Read my latest Oxford University Press blog post on the amendment of section 716 of the Dodd-Frank Wall Street Reform and Consumer Protection Act 2010.
Republicans and Democrats are arguing over how many regulations we should add—or remove—from the financial services industry. Before we think about altering the regulations, we should think about enforcing the ones we currently have. Ever since the sub-prime meltdown erupted during 2008, politicians on both sides of the aisle have taken aim at the rules … Read more
Remember when “liberal” became the insult of choice among Republicans? Apparently, “Keynesian” has now taken on that status for Republican economists. Never mind that Keynesian is ill-defined (old Keynesian? new Keynesian? the Keynesian part of the neoclassical synthesis?)–making Keynesian a dirty word and applying it to those with whom you disagree has become the tactic … Read more
Writing in today’s Wall Street Journal, John Taylor argues that “…the best way to understand the problems confronting the American economy is to go back to the basic principles upon which the country was founded—economic freedom and political freedom.” Taylor’s argument is based on assertion, rather than fact. For example, he is a little vague … Read more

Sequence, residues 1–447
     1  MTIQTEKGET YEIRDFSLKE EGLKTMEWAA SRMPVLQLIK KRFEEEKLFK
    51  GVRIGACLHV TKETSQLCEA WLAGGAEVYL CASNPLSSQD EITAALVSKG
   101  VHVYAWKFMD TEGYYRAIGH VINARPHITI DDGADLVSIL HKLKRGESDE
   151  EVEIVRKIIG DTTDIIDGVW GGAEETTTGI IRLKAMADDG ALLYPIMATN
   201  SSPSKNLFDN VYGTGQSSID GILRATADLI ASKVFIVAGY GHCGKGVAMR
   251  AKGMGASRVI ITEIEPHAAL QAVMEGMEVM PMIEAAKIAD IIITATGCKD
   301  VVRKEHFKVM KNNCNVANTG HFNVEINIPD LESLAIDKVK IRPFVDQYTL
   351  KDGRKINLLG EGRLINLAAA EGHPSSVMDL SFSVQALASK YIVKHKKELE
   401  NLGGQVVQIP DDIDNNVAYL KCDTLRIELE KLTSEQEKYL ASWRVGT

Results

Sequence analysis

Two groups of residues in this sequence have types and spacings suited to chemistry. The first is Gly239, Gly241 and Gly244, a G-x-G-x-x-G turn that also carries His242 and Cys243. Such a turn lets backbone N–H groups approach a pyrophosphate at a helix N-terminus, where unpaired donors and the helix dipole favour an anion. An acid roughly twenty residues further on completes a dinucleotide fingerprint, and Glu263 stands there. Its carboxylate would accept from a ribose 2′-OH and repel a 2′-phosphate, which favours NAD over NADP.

I am devastated. Writing in the Financial Times today, Alan Greenspan, argues that the Dodd-Frank Wall Street Reform and Consumer Protection Act will have–indeed is already having–unintended consequences. He cites five specific cases. 1) Making credit ratings agencies legally liable for their opinions about risk made them unwilling to give Ford Motor Credit a rating … Read more
Let’s hope. Just as there are recurring themes in literature—and flies in the wake of a garbage truck–there a few things that we can reliably count on in the wake of a financial crisis. In the immediate aftermath comes damage control. The central bank intervenes. The legislature and executive agree on emergency measures. Bankers keep … Read more